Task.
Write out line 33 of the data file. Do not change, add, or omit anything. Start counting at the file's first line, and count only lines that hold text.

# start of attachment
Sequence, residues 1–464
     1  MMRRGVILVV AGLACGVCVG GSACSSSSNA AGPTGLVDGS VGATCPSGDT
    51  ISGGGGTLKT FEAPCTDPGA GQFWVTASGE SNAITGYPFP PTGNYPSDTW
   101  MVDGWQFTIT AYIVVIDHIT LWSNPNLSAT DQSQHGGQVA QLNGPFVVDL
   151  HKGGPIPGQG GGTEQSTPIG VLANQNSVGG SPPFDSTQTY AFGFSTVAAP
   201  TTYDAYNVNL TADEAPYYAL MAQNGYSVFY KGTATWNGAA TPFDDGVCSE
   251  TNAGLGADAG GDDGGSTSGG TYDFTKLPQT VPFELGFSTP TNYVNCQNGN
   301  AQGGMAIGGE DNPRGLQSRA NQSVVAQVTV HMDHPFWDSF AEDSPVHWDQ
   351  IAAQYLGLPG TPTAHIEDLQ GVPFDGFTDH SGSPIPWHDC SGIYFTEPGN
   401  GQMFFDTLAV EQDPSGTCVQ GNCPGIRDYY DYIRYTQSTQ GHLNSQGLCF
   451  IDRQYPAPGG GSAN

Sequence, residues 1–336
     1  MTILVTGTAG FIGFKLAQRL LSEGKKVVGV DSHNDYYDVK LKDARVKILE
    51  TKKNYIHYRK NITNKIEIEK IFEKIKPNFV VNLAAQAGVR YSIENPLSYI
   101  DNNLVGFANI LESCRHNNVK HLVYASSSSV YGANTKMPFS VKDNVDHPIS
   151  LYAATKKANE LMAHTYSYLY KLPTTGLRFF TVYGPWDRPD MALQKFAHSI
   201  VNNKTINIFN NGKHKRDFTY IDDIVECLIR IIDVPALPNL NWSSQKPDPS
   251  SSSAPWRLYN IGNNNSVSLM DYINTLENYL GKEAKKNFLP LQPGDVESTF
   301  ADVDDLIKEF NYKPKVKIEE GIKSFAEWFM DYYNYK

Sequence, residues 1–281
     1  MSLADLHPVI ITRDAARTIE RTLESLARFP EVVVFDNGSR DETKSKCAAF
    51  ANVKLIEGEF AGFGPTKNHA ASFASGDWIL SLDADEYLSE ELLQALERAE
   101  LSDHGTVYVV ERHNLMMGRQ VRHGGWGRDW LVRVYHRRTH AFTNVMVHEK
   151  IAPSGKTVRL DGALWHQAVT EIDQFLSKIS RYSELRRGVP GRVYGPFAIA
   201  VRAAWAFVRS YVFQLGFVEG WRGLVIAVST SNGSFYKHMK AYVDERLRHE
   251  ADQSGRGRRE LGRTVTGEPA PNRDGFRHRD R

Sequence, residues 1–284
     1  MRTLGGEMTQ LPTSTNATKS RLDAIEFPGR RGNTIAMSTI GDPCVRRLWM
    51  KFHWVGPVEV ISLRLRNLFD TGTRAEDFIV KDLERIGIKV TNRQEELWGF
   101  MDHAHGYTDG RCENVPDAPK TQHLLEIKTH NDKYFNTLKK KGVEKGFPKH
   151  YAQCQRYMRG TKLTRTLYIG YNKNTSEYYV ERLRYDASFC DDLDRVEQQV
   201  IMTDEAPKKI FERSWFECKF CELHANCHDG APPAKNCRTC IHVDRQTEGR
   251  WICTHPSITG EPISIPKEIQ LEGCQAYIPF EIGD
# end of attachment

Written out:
   251  WICTHPSITG EPISIPKEIQ LEGCQAYIPF EIGD